Disenfranchising 8 5.4


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Disenfranchising 8 5.4

  1. 1. Disenfranchising African Americans 8.5-4—Summarize the policies and actions of South Carolina’s political leadership in implementing discriminatory laws that established a system of racial segregation, intimidation, and violence.
  2. 2. Background • 1876- Governor Wade Hampton & the “Redeemers” had political control & power in SC • Conservative Democrats had “redeemed” SC from the Republicans by reminding them of the “lost cause” (ie. Civil War) • Antebellum elite regained political control & wanted to restore SC as close as possible to its pre Civil War conditions with limited taxes
  3. 3. Disenfranchised • Governor Hampton- keep up the status quo of Reconstruction • Other Democratic Party members- Disenfranchisement of African American voters • Congressional districts redrawn to make only one district a African American majority • This gerrymandering limited the number of African Americans elected to the US CongressWade Hampton
  4. 4. Populist Ben Tillman • He was a Populists b/c he appealed to the values & needs of the common people (poor white farmers) against the Conservative elite • (unlike other Populist) He did not support the right of African Americans to vote • Led to increased violence & lynching of African Americans who where opposed to the Populist Party • Tillman ran on a platform of white superiority • Tillman’s bigotry & racist rhetoric led to a reemergence of violence and terror from the Reconstruction Era • “Race Baiting”The People’s Party Video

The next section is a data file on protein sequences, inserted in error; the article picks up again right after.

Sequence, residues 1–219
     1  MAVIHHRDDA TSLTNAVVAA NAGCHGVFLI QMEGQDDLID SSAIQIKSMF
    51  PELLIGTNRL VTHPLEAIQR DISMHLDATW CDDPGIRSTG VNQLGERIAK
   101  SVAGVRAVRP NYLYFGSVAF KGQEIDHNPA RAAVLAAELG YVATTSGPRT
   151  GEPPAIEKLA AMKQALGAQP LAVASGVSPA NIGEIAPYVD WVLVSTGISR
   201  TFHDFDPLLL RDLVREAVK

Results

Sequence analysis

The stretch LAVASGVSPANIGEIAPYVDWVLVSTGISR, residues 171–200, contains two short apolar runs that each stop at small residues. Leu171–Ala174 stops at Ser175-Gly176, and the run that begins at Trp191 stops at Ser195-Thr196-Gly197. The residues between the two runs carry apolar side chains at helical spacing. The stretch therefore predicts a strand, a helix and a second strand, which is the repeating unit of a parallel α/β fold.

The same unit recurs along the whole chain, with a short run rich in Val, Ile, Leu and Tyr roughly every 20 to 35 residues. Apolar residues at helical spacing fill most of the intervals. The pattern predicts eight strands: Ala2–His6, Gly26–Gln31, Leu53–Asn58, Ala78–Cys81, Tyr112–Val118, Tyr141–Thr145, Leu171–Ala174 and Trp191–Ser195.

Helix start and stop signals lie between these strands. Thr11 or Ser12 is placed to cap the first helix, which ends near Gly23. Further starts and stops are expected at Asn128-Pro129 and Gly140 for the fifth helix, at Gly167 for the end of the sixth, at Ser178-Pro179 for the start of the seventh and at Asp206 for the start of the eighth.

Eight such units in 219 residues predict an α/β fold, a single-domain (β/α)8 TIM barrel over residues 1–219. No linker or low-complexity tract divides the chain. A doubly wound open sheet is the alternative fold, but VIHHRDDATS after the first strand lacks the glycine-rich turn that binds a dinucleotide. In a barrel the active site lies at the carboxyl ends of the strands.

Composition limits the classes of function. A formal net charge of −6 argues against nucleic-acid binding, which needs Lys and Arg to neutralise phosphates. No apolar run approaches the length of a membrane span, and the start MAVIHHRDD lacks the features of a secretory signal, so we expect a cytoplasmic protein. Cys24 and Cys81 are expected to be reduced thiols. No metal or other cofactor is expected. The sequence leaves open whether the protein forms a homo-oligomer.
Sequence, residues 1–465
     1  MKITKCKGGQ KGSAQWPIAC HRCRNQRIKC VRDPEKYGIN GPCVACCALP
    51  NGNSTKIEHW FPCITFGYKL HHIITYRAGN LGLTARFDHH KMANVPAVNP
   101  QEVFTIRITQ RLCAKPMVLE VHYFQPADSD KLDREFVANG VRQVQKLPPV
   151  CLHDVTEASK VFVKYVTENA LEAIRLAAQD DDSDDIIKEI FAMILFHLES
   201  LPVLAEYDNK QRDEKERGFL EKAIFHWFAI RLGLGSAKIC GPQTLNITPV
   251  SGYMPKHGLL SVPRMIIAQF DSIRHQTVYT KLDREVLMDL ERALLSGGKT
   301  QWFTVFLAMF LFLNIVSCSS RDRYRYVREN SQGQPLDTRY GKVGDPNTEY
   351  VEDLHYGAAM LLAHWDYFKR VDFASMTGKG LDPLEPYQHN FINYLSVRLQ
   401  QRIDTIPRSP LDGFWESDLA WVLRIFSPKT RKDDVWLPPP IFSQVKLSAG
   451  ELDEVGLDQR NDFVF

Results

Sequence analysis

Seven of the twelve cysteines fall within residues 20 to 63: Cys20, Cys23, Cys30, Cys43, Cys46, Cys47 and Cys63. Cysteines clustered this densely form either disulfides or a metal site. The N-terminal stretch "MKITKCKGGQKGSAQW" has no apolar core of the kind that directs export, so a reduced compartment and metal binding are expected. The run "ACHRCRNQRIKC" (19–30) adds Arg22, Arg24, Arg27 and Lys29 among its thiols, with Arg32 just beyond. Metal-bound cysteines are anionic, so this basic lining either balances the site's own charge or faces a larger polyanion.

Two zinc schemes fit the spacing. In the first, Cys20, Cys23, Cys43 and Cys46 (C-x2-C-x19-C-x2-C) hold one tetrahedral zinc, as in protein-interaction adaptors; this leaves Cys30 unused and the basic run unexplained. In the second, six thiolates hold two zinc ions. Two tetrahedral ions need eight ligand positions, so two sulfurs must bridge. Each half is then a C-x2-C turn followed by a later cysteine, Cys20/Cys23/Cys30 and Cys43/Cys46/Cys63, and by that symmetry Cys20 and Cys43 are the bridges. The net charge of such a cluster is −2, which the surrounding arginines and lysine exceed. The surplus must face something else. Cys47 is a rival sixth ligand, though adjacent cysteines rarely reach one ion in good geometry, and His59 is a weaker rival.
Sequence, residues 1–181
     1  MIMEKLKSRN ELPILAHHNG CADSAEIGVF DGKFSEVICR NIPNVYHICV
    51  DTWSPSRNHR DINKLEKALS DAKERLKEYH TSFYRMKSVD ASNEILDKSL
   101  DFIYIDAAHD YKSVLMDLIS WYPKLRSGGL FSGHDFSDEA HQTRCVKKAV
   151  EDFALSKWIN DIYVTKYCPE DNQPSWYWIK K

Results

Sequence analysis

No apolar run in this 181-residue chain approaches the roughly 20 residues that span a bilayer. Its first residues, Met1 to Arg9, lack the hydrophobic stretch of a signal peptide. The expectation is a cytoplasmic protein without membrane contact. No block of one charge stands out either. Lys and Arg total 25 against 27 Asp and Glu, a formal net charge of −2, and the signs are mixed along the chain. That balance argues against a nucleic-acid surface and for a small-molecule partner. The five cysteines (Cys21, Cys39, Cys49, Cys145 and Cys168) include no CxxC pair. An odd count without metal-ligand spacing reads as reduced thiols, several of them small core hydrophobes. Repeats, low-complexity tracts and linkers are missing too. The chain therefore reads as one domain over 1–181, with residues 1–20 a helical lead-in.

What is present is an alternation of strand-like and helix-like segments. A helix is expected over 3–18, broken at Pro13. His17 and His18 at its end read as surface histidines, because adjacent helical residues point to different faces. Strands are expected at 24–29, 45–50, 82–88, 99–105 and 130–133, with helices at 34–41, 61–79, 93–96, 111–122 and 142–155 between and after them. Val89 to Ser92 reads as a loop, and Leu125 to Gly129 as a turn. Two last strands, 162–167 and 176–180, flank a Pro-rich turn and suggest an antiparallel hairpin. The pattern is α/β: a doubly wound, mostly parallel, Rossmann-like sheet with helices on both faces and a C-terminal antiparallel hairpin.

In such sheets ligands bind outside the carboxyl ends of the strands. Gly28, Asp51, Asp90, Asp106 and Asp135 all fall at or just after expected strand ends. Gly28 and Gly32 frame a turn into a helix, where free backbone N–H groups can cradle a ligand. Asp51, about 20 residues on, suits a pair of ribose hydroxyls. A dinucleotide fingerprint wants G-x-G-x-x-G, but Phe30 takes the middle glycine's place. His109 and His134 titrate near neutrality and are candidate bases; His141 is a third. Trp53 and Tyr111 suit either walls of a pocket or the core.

5. 5. Senator Tillman • 1895, Tillman urged his followers to call for a new state constitution to replace the Reconstruction constitution of 1868 • Wanted to make sure the black majority did not support the Conservative opposition • New constitutions required: – Literacy test to vote (Eight Box Law used) – Required a poll tax to be paid 6 months before the election • Poor farmers had little money so far ahead of the harvest • Poor, literate white voters were protected by the “grandfather clause” (ability to vote if their grandfathers voted in 1860)
  6. 6. Eight Box Law: • A legal ways to keep blacks from voting after Reconstruction (1882) • Every precinct had eight labeled ballot boxes • Votes would count only if the correct ballot was placed in the correct box • Some people opposed the bill because it would also keep poor whites from voting • Reducing the African American vote was worth it in the end to the political elite, even if some whites could not exercise their right to vote
  7. 7. “Separate But Equal” • New constitution continued…. • Required separate schools black and white children • SC passed Jim Crow Laws (video) • Supreme Court ruled such laws were constitutional in 1896 – Ruling- “Separate but Equal” facilities satisfied the 14th amendment’s requirement for equal protection under the law (Plessy v Ferguson) • African Americans were affected directly & indirectly by the Jim Crow Laws for over 6 decades • SC African Americans did protest against their exclusion, but were quickly silenced through intimidation, threats, & lynching Video: Plessy v Ferguson Jim Crow Video